If we assume that there is human consciousness and the wider quasi-consciousness that all (again what we mean by all is difficult here; let us say the constituents of the universe--quarks or strings, or "puffs"--whatever it is) at a minimum experiences, we have two different ways for phenomenon to be experiential. Can human consciousness be explained by this wider quasi-consciousness? How could trillions of thinking-particles constitute what feels like a single, unitary subject of experience (This is known as the combination problem)? There is the epistemological problem of not being able to know anything about the experientiality of the ultimates composing me. I surely can't introspect into my hair's or toe nail's conscious experience. And yet if I can't introspect or empirically observe their conscious behavior, how could I ever in principle get any evidence as to the nature of these properties? If I can't get to these properties, how can I ever know if my human consciousness emerges out of them? As some philosophers have pointed out, with water I can look at H2O molecules and their properties and from there deduce the liquidity of water. But if I can't know the experiential properties of the "puffs," I can never provide a philosophical explanation of human consciousness in terms of them. In my opinion, no hypothesis should be adopted that cannot possibly be tested (unless it can make a transcendental argument; but this is a weak kind of argument, since any sight of proof to another theory will be superior to the transcendental. Furthermore, I have wondered that with there possibly being a multiplicity of transcendental arguments that can explain the same facts without evidence--which one is to be preferred and why?). I personally find it puzzling when it is not possible to answer the question "Is the panpsychist position true?"

But for the sake of argument, let us say that the quasi-conscious properties of these "puffs" are known in their complete detail. Would that help explain the emergence problem? Unfortunately, no. If one imagines the thought-particles interacting in ways that mirror the human consciousness' components, it is still possible that the resulting complex being lacks consciousness. To suggest otherwise would be to commit the fallacy of composition. In which case no amount of knowledge of the quasi-conscious aspect of particles could ever explain phenomenal consciousness in the way that knowledge of the component particles of water and their interaction explain liquidity. If one replies that they act in some unknown complex way, cannot the physicalist (and any other metaphysical worldview for that matter) make the same argument?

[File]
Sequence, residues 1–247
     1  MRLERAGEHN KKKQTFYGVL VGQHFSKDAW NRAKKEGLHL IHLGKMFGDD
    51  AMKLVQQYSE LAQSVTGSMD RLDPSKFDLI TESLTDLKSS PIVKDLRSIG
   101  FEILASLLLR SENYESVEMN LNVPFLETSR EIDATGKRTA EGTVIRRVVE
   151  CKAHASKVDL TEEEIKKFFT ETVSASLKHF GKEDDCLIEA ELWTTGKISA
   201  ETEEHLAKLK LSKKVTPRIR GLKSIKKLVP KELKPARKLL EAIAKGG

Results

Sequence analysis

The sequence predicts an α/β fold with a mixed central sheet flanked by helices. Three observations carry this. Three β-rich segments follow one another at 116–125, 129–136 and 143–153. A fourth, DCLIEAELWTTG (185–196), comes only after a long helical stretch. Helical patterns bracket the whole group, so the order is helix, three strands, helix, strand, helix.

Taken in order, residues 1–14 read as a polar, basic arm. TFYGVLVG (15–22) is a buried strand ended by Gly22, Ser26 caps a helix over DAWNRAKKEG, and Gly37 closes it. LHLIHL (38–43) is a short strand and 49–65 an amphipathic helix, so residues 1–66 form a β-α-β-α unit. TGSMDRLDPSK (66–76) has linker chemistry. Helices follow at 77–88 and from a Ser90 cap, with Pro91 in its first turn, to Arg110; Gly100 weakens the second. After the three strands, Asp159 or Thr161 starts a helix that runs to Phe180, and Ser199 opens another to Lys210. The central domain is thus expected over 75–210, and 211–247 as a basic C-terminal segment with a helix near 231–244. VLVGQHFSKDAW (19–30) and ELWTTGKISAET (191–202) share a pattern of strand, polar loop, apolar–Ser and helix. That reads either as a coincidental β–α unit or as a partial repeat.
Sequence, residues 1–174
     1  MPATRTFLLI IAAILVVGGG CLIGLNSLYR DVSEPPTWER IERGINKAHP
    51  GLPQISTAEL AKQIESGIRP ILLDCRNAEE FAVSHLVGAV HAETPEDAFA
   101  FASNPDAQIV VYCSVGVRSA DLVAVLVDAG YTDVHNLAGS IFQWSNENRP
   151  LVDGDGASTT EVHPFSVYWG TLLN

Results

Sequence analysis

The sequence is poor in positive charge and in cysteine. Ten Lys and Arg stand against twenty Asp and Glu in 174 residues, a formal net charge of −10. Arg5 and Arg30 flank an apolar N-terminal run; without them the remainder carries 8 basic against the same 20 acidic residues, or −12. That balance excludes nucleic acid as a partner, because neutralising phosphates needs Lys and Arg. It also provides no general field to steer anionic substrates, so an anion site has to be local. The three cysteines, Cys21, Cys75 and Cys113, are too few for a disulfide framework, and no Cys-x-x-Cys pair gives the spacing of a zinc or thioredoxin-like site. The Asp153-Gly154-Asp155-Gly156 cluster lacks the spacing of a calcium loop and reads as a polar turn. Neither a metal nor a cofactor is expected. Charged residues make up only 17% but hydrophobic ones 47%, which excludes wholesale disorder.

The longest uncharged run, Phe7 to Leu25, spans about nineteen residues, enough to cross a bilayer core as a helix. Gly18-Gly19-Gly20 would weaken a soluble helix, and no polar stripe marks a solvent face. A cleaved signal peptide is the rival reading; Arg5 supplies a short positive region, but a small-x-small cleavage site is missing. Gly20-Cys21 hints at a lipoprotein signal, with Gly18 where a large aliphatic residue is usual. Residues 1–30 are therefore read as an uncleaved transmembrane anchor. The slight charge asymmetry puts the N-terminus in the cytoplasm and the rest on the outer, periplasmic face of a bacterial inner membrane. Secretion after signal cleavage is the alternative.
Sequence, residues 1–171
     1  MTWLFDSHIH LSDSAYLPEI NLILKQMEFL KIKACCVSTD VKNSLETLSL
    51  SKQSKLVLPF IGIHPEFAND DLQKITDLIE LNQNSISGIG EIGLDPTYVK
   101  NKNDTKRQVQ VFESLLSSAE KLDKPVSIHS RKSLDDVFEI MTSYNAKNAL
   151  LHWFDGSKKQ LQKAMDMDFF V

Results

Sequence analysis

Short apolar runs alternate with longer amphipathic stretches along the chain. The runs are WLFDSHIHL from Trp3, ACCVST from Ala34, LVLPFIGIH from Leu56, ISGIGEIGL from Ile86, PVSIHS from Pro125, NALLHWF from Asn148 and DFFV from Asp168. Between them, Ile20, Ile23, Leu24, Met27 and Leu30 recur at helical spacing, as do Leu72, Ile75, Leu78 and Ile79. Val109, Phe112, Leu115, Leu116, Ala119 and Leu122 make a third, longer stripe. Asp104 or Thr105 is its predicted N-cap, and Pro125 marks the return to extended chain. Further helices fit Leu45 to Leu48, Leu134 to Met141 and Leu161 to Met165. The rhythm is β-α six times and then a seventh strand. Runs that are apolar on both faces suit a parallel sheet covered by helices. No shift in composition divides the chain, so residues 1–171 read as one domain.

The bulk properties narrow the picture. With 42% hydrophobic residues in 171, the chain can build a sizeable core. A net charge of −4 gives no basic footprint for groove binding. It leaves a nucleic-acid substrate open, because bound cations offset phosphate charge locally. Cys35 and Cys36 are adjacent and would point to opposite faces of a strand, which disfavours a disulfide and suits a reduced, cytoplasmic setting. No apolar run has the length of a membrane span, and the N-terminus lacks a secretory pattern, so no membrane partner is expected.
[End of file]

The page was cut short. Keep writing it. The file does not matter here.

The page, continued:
Perhaps one wants to make a weak claim: since everything is of the same metaphysical type (constituents and the human consciousness), should not this indicate that panpsychism might render the latter (human consciousness) more explicable? No; we don't have any idea how the quasi-conscious properties possessed by one entity or set of entities might contribute to a reductive explanation of the human consciousness. So panpsychism has provided no explanation for phenomena that it has promised to deliver. Thus to the great step from non-living to living matter corresponds a great step from inner experiences to the human consciousness. Even on the panpsychist account, something totally new enters with world.

Physicalists have made attempts to dissolve the explanatory gap that should not be brushed off hand, as observed by the enormous articles and books on philosophy of mind. And Karl Popper has made some interesting points here too. To insist something must be mind-like and that it can be attributed even to quarks is misleading. There are processes of nature which are emergent in the sense that they don't lead gradually, but leap to a property not there before. "We know crystals and other solids have the property of solidity without solidity being present in the liquid before crystallization."

Are there any other reasons for panpsychism to be appealing? There seems to be a multiplicity of metaphysical explanations in theology to explain free will, divine agency, etc. that are not unique to panpsychism, so I cannot see that benefit. I am amused at the state of philosophy on the issue of mind: while some are trying to understand how it is even possible that other minds or my own mind exists, others are dead set that everything possessing a mind!

Forgive me for rushing through these arguments and not giving some due citations on many of the points that have convinced me against panpsychism.